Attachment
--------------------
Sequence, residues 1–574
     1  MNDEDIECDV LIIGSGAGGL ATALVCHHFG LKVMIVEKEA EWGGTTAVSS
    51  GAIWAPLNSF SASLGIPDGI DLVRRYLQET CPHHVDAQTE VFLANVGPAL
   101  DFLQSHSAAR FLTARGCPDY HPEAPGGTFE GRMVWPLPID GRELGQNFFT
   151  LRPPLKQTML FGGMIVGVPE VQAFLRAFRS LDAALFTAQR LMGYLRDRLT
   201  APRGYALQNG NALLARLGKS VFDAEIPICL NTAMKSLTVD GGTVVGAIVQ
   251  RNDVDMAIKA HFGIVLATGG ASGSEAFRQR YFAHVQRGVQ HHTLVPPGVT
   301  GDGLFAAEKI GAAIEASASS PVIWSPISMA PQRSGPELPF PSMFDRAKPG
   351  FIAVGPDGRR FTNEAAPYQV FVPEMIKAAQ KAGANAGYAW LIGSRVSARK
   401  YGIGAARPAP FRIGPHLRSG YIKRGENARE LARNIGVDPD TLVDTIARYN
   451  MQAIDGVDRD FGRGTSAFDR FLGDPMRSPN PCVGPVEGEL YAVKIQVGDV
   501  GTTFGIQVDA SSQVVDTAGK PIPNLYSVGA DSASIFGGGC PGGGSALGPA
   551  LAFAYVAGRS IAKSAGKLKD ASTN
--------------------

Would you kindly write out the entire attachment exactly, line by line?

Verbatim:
Sequence, residues 1–574
     1  MNDEDIECDV LIIGSGAGGL ATALVCHHFG LKVMIVEKEA EWGGTTAVSS
    51  GAIWAPLNSF SASLGIPDGI DLVRRYLQET CPHHVDAQTE VFLANVGPAL
   101  DFLQSHSAAR FLTARGCPDY HPEAPGGTFE GRMVWPLPID GRELGQNFFT
   151  LRPPLKQTML FGGMIVGVPE VQAFLRAFRS LDAALFTAQR LMGYLRDRLT
   201  APRGYALQNG NALLARLGKS VFDAEIPICL NTAMKSLTVD GGTVVGAIVQ
   251  RNDVDMAIKA HFGIVLATGG ASGSEAFRQR YFAHVQRGVQ HHTLVPPGVT
   301  GDGLFAAEKI GAAIEASASS PVIWSPISMA PQRSGPELPF PSMFDRAKPG
   351  FIAVGPDGRR FTNEAAPYQV FVPEMIKAAQ KAGANAGYAW LIGSRVSARK
   401  YGIGAARPAP FRIGPHLRSG YIKRGENARE LARNIGVDPD TLVDTIARYN
   451  MQAIDGVDRD FGRGTSAFDR FLGDPMRSPN PCVGPVEGEL YAVKIQVGDV
   501  GTTFGIQVDA SSQVVDTAGK PIPNLYSVGA DSASIFGGGC PGGGSALGPA
   551  LAFAYVAGRS IAKSAGKLKD ASTN